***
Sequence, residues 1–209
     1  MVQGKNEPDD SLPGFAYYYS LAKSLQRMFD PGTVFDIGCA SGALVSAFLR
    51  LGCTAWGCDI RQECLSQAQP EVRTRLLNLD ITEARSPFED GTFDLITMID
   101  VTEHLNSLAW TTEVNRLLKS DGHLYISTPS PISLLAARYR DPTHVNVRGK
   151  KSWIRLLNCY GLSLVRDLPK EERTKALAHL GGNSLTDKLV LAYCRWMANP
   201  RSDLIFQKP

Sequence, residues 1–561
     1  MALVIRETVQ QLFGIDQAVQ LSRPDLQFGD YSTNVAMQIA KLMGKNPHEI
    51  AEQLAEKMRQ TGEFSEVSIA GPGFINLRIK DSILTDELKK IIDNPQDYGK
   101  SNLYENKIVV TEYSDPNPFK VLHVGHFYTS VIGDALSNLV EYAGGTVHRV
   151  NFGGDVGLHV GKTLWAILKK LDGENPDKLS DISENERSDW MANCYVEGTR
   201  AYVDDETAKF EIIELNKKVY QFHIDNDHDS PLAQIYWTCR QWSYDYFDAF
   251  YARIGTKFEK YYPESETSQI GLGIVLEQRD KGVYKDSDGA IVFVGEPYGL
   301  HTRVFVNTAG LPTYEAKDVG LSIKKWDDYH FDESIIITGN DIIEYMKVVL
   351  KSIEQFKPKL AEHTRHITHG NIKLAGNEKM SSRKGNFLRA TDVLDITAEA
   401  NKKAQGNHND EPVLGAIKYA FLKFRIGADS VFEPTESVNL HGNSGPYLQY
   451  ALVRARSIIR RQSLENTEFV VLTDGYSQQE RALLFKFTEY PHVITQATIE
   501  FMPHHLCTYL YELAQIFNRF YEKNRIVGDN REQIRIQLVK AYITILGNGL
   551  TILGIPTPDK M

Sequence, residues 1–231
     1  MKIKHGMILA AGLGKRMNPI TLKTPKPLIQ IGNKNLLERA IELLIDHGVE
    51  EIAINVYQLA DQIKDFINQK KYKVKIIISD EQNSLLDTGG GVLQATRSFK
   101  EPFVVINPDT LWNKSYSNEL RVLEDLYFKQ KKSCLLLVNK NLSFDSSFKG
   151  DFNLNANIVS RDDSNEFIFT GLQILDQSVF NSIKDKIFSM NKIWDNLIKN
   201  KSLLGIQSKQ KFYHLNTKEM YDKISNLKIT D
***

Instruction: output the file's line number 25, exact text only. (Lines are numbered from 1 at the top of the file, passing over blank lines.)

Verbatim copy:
   201  KSLLGIQSKQ KFYHLNTKEM YDKISNLKIT D